“Lord, you are my portion and my cup of blessing; you hold my future.” Psalm 16:5, HCSB

Huh. What would it be like if I woke up every morning as desperate for Jesus as I am for my cup ‘o caffeine?

I’ll ponder that as I finish my coffee…

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He Gives Me Freedom and Purpose

I’ve been entrenched in the study of James. Our church is doing a holistic approach to the book. Because I’m a teacher to our junior high students, I’m studying beyond what is available to me on Sundays (which, by the way, we all should anyway… but that’s not my point).

It’s been a rough few months.

I like James. I’ve always liked James. I’m a black-and-white kind of girl. I like rules that tell me what I should do and what I shouldn’t do.

But then again, James is a tough guy. When I read Romans 1:17 (the verse that turned Martin Luther’s head and heart, allowing him to see the God whom he could love) and then skip over to James 2:22-24, I’m conflicted. Painfully so.

The righteous shall live by faith…but faith without works is dead, and man is justified by works and not by faith alone…

Wait, what happened? This is the same Bible, is it not? Paul and James followed the same Jesus, did they not?

You know what, I’ll let you grapple with it…because that’s not really the point of this entry. I will say that context is everything, so keep that in mind. I will also say that Paul points to agreement with James in his many other writings. He doesn’t state it the same way, but it is there (Ephesians 2:8-10; don’t leave verse 10 out!).

Here’s what I am writing about today: I am startled to see how much I get James, the man. He sticks out as an oddity–something I can totally identify with. Amen.

He seems to be the stern face preaching works to a crowd dancing in the streets to a rhythm of grace.

“But look,” he says, “you’re dancing carefree, and yet over there–you’ve just mistreated someone because they couldn’t pay the pew tax. And you walked right by that naked boy. What of the penniless widow? Did you notice her at all while your hands were lifted high?”

Huh. Maybe he has a point.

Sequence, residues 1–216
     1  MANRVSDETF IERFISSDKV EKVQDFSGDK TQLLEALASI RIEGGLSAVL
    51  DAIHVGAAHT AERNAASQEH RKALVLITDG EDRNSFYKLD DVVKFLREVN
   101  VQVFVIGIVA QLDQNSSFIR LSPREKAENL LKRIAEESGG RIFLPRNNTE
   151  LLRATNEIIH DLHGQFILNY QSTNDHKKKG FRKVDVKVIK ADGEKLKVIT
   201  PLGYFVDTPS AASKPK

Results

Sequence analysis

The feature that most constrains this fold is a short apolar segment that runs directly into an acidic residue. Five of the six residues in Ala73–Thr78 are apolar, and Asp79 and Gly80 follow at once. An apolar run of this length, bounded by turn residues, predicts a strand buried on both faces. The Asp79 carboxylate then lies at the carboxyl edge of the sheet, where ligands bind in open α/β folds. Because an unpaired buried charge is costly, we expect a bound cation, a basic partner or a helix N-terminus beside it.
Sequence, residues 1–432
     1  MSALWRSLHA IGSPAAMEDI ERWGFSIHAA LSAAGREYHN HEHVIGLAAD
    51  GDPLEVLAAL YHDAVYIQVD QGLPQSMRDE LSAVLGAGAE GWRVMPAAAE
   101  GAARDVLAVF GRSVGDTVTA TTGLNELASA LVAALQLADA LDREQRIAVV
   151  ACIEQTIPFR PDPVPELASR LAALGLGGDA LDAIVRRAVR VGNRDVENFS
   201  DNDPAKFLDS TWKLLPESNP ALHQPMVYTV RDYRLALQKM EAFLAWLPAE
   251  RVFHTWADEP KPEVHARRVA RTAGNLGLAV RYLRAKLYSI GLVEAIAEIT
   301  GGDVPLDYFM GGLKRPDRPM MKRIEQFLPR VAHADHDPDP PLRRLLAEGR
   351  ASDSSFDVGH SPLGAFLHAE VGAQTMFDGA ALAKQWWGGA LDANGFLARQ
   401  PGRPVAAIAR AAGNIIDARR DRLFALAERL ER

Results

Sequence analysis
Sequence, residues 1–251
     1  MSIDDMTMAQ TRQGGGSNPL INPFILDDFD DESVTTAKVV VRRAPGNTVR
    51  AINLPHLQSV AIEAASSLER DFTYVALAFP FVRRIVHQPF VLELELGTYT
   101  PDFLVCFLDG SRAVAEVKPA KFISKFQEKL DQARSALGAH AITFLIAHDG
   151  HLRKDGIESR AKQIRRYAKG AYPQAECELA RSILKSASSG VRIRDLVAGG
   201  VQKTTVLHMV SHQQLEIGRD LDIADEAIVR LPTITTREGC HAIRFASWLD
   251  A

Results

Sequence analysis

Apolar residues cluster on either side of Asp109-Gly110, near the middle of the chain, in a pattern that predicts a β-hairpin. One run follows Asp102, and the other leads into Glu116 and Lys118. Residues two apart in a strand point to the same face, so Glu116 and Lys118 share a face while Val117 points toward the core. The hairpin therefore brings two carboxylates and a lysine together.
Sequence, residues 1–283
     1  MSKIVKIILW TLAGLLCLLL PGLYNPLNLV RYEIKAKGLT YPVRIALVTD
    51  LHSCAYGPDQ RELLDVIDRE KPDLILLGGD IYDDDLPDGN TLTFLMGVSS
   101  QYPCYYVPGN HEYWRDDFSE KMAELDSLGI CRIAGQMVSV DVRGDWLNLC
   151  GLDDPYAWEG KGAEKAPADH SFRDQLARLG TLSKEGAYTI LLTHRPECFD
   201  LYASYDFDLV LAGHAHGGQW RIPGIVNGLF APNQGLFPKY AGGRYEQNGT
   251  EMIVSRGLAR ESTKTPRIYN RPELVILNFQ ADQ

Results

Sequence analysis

“Love your freedom,” he continues. “It gives the law LIFE and PURPOSE. So, USE IT. If you don’t, then you’re not really free. You’re simply oblivious.”

See, the thing about James is that he knew dead works. He knew legalism. He lived without compassion, clinging to his Jewish upbringing with an iron grip, while at the same time he mocked the Messiah in his own home (you did know he was Jesus’s half-brother, right?).

James also knew great grace. Jesus has a reputation for redeeming those who had mocked him not very long before. Praise God.

Perhaps James is a problem to us because when truth was revealed to him and he believed, we expect him to let go of that Jewish upbringing, steeped long and deep in the law.

He didn’t.

Maybe it’s the middle child in him (and this is why I can relate?). The unique position to see two very different perspectives–the somber authority and responsibility of the oldest, and the carefree, fly-into-the-wind-and-embrace-life attitude of the youngest.

Responsibility. Freedom. Law. Grace.

James sees both sides. He held onto both. Perhaps because seeing the TRUTH gave PURPOSE to the law.

That’s the thing about freedom. It’s supposed to have purpose.

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He Gives Me Directions

“And Joshua fell on his face…and said to him, ‘What has my lord to say to his servant?'” ~Joshua 5:14, NASB

We discussed the falling of Jericho yesterday, and with it, the purpose for the nation of Israel. They were a people of God’s choosing, a people set apart for His purpose. His glory. His revelation.

They were to show who the true God is to the world. And God worked in and through them to reveal himself. Pretty well, too, despite the Israelites many, many flaws. Consider Rahab, her response to the Hebrew spies…

“…our hearts melted and no courage remained in any man any longer because of you; for the Lord your God, He is God in heaven above and on earth beneath.” (Joshua 2:11)

She had heard about the Red Sea. About the wilderness, and the mighty kings the nomadic wanderers had taken out. No doubt she’d heard about the crossing of the flooded Jordan river…and now these people, whose God was clearly THE God, were coming.

Notice what she didn’t hear about…How amazing the leadership was among Israel. The awe-inspiring orator who captivated his audience. The unbelievably gifted song leader who could raise a frenzy of praise with his charismatic performances…Sometimes showing who God is to the world around me is as simple as walking. Am I willing to obey-